Marijuana plants

Issue 1: Ohio Bipartisan Redistricting Commission Amendment

What’s the issue?

   Issue 1 attempts to end the blatant partisan gerrymandering of Ohio’s state legislative districts.

ger·ry·man·der (ˈjerēˌmandər/), verb. Definition: gerund or present participle:
“gerrymandering” -- to manipulate the boundaries of (an electoral constituency)
so as to favor one party or class.

    Issue 1 creates a redistricting commission, including members from the two major parties, that would redraw Ohio’s House and Senate districts. The plan requires that four out of seven members of the commission vote to approve a redistricting plan and one of the votes must come from the major party that is not in the majority on the commission. Essentially, Issue 1 gives Ohio’s major opposition party veto power to prevent unfair district rigging.

Pros and Cons

   The amendment is supported by both major political parties and Ohio government reform groups like Common Cause Ohio and the League of Women Voters. It is also endorsed by the Ohio Educational Association.
   Ohio is fairly evenly split between Democrats, Republicans and Independents. Of the 33 state senators only 10 are Democrats and 23 are Republicans. In the Ohio House, only 34 are Democrats and 65 are Republicans. If these districts were drawn in a bipartisan manner, there would be roughly an even split.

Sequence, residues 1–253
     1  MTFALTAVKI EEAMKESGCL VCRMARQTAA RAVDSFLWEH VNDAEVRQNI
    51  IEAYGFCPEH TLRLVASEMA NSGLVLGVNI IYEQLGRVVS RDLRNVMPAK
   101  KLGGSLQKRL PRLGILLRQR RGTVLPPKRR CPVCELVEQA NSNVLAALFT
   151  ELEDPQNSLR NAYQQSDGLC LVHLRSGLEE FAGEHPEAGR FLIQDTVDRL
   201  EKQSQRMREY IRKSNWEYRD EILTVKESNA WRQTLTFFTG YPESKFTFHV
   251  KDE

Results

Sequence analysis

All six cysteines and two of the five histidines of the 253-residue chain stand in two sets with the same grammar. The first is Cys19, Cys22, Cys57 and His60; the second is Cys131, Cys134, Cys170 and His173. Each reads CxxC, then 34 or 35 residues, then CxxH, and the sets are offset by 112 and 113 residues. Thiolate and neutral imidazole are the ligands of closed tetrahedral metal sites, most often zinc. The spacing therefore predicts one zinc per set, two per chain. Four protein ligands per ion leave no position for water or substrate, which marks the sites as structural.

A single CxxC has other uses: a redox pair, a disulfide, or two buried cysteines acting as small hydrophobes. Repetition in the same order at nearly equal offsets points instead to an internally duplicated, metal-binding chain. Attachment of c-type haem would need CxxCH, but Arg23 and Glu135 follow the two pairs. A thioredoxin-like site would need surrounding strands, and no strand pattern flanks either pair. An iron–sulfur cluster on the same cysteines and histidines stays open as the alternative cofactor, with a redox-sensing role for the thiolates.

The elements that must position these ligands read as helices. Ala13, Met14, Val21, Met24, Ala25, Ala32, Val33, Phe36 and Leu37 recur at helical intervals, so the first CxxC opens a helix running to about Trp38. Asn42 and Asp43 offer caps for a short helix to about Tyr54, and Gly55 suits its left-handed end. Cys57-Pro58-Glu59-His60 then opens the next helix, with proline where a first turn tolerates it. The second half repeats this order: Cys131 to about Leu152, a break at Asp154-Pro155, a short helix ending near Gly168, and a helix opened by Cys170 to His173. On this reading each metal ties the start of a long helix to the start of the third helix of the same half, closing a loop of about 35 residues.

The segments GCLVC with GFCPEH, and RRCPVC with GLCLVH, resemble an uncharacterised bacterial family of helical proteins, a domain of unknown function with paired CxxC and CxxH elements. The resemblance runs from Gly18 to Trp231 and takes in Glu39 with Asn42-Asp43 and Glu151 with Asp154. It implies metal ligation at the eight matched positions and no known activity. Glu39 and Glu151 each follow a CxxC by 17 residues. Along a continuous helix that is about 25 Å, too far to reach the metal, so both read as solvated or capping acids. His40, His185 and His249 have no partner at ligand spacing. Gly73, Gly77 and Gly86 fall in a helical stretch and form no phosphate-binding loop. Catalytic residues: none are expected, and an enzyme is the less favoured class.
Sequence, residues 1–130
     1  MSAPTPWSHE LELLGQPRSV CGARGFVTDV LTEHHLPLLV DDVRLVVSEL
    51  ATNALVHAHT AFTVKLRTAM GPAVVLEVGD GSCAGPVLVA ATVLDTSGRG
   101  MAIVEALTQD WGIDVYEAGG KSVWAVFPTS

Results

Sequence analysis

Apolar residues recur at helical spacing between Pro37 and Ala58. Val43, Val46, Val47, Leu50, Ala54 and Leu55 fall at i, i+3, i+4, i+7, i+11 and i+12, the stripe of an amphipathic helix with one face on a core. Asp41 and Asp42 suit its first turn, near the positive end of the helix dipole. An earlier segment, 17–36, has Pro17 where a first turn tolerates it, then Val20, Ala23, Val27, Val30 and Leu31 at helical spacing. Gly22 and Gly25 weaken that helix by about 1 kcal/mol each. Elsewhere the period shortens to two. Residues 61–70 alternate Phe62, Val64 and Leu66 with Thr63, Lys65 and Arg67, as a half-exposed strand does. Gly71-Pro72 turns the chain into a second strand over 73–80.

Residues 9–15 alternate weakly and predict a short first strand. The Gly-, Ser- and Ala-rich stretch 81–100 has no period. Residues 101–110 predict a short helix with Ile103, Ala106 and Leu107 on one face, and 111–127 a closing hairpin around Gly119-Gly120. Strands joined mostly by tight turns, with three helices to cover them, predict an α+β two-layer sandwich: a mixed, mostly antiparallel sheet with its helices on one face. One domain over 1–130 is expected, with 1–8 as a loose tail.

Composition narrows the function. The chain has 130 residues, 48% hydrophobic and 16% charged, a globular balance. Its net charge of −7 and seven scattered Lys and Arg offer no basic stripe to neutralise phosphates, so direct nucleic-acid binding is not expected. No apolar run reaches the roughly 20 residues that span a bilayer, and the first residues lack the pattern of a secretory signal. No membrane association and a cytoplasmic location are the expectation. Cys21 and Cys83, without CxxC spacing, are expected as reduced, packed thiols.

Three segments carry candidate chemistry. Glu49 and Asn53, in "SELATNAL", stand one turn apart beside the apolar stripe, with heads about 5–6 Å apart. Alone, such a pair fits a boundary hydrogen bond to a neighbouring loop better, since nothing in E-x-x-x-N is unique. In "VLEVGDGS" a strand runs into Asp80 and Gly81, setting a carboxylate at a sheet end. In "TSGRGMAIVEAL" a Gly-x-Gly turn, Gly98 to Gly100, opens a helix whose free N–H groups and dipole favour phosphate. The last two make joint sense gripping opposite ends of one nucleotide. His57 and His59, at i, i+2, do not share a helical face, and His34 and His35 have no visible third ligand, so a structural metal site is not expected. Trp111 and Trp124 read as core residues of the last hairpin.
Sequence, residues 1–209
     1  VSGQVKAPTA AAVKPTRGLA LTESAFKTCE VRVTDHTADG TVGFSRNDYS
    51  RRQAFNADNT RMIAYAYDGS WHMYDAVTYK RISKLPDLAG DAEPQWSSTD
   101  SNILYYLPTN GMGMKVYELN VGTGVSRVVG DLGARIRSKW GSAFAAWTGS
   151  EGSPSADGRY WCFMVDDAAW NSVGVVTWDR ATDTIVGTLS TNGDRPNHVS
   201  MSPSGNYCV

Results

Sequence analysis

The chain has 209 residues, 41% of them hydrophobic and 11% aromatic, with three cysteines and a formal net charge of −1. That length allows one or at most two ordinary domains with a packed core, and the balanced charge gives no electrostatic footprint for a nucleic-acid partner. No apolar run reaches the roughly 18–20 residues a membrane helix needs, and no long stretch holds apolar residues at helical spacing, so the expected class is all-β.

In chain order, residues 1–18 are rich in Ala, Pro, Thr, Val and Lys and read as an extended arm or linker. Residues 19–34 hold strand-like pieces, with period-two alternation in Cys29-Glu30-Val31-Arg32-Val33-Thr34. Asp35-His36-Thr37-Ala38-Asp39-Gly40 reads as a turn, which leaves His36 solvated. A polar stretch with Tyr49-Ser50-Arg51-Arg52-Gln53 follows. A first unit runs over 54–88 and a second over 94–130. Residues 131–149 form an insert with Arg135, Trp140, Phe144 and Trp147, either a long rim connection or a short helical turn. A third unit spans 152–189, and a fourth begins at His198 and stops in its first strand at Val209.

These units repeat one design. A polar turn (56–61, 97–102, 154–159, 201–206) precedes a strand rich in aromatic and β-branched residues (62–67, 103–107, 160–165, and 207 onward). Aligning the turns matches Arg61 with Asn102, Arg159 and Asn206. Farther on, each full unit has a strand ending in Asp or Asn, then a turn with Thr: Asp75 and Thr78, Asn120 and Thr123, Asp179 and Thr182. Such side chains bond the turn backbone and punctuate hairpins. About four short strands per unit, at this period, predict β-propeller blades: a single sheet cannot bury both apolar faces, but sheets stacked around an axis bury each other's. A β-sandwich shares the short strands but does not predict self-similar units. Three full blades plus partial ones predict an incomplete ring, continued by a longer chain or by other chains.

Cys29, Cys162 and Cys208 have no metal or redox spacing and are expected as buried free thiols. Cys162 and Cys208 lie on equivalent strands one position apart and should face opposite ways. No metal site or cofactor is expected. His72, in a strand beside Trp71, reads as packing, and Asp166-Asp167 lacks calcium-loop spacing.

A criticism of the plan is that it continues to allow absurdly partisan Congressional district rigging. That’s why they call us a “battleground state.” A better model would have been to create a nonpartisan commission charged with drawing compact and competitive districts.
  While there’s no substantial opposition to Issue 1, its biggest enemies are apathy and ignorance of the gerrymandering problem and the fact that the pot issues 2 & 3 have completely dominated the state’s political discourse.

Issue 2: The Ohio Initiated Monopolies Amendment

What’s the issue?

   Issue 2 proposes an amendment to the Ohio Constitution initiated by the Ohio General Assembly. The motivation behind Issue 2 is to thwart the passage of The Marijuana Legalization Amendment, Issue 3. The issue was rushed through the Ohio legislature in a mere two weeks in an attempt to be “first in time” to move ahead of Issue 3.
   Ohio Secretary of State Jon Husted insists that if Issue 2 passes, even with fewer votes than Issue 3, there will be no legal marijuana in Ohio (at least this year). Why? Issue 2 cut in front of Issue 3.

Pros and Cons

   Issue 2 proponents claim that the intent of the amendment is to prevent constitutional amendments that would allow economic monopolies in the state.
   Opponents argue that, in actuality, Issue 2 could potentially destroy future citizen ballot initiatives. This would hit hardest the controversial issues that are historically voted on as citizen-led ballot initiatives such as a new minimum wage, collective bargaining and marijuana legalization.